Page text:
BACE inhibitors, currently in clinical trials for Alzheimer’s disease, can almost completely suppress the production of Aβ40 and Aβ42. In the January 23 Proceedings of the National Academy of Sciences, researchers led by William Netzer and Nobel laureate Paul Greengard at The Rockefeller University, New York City, propose an alternate way to slow BACE processing. The authors report data suggesting that, in cells, the cancer drug imatinib (trade name Gleevec) somehow shunts amyloid precursor protein away from BACE to be cleaved by lysosomal proteases instead. “Imatinib selectively inhibits BACE processing of APP, indicating that pharmacological exploitation of this mechanism could be useful for preventing AD,” Netzer told Alzforum. Commentators were skeptical of the selectivity claims. They noted the effect could be generic, ushering many proteins from the plasma membrane and endoplasmic reticulum to the lysosome.

The new paper contrasts earlier work from the same lab contending imatinib blocked γ-secretase activity. “This is an interesting initial observation pointing toward an indirect mode of action of imatinib, as we postulated previously,” Dirk Beher at Asceneuron, Lausanne, Switzerland, wrote to Alzforum (see Hussain et al., 2013). “Its relevance for the development of new therapeutics remains to be seen, and is subject to confirmation with more potent compounds that follow a defined structure-activity relationship.” Netzer and colleagues report that an inactive version of another kinase inhibitor has the same effect in mice, but it bears little structural resemblance to imatinib, noted Beher.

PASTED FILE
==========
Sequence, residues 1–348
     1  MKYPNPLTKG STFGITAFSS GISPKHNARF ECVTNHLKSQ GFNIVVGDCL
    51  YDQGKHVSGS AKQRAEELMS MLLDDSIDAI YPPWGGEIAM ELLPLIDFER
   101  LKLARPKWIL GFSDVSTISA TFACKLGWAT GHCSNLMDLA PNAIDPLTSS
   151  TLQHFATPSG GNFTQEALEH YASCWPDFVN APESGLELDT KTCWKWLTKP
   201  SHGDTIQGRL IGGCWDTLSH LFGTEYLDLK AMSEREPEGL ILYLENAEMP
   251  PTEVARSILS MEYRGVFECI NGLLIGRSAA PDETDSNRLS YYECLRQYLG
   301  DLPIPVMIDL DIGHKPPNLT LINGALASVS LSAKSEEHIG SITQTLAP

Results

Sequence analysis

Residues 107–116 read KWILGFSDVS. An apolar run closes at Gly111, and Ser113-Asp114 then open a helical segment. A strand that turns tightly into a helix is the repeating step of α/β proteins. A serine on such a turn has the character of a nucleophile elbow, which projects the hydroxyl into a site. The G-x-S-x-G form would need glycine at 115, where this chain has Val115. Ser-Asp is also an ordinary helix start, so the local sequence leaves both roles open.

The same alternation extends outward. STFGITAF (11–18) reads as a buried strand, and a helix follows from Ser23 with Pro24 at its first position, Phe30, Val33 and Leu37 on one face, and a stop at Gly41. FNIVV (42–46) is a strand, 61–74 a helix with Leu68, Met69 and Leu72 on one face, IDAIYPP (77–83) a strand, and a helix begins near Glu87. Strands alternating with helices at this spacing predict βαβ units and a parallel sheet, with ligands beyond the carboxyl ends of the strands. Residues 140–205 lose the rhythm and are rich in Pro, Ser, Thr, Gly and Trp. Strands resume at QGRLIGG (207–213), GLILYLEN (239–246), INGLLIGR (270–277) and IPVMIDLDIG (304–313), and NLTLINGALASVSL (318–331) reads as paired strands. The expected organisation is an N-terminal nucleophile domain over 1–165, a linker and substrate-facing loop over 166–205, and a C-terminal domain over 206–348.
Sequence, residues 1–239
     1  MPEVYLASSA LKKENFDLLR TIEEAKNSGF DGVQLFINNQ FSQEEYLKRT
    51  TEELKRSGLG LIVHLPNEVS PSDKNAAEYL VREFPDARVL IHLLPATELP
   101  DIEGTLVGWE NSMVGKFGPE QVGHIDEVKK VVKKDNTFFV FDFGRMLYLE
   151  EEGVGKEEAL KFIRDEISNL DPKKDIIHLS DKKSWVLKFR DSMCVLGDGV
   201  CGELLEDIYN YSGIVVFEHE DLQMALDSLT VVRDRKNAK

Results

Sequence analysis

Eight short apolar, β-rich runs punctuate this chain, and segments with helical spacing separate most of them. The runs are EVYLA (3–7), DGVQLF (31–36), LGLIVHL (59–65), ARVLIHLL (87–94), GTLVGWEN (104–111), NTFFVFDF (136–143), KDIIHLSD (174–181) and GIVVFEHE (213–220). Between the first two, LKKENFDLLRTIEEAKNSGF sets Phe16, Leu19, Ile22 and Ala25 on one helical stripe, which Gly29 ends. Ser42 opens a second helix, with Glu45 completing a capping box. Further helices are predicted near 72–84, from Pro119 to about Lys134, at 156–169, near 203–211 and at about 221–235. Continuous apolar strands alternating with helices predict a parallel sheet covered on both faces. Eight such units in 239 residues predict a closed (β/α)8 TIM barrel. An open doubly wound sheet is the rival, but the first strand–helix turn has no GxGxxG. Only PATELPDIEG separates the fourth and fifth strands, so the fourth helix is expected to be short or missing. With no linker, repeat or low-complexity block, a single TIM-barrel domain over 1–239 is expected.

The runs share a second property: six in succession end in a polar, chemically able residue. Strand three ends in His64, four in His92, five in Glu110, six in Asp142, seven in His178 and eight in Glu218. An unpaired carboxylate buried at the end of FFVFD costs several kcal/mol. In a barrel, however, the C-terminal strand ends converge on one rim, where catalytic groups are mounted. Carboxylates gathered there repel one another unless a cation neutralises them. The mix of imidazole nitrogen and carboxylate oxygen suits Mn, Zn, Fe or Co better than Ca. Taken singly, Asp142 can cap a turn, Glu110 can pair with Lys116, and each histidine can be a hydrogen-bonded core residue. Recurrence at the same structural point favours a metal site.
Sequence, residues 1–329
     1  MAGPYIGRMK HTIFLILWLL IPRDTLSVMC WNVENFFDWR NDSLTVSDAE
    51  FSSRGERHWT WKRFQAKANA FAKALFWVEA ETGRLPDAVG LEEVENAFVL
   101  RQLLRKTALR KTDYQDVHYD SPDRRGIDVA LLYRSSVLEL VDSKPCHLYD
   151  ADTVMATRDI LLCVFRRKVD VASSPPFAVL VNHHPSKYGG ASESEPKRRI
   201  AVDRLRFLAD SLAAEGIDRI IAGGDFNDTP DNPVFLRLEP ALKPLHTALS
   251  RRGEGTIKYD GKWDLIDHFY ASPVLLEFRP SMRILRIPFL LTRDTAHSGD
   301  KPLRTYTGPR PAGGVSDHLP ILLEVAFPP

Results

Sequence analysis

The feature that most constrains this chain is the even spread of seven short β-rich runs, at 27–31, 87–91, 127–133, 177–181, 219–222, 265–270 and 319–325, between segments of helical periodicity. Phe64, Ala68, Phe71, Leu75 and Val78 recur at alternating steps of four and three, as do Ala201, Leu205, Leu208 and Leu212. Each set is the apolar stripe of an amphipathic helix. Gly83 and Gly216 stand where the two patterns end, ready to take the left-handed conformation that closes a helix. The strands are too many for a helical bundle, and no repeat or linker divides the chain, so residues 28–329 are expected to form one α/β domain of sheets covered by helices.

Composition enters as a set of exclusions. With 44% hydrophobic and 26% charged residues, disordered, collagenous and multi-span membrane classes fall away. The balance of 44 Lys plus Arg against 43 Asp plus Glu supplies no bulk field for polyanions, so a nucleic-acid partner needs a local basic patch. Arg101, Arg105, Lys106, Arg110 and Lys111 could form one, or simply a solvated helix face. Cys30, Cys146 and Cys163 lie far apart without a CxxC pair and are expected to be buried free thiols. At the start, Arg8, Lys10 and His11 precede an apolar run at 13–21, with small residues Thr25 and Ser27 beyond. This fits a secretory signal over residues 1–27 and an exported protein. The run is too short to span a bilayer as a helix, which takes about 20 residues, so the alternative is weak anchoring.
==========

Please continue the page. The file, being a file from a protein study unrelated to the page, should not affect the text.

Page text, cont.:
Better in Brain.

DV2-103, an inactive derivative of the kinase inhibitor PD173955, acts like Gleevec but stays in the brain longer. [Courtesy of Netzer et al., PNAS.]

In their earlier study, Greengard’s group had reported that imatinib lowered Aβ by suppressing γ-secretase cleavage (see Oct 2003 news). Researchers led by Michael Wolfe, then at Brigham and Women’s Hospital, Boston, attributed the inhibitory activity to an impurity in imatinib preparations (see Nov 2004 conference news; Fraering et al., 2005). Greengard and Netzer later proposed that imatinib blocked γ-secretase binding to a γ-secretase activating protein (GSAP), but other groups were unable to replicate this finding and GSAP was not mentioned in the new paper (see Sep 2010 newsJan 2014 news).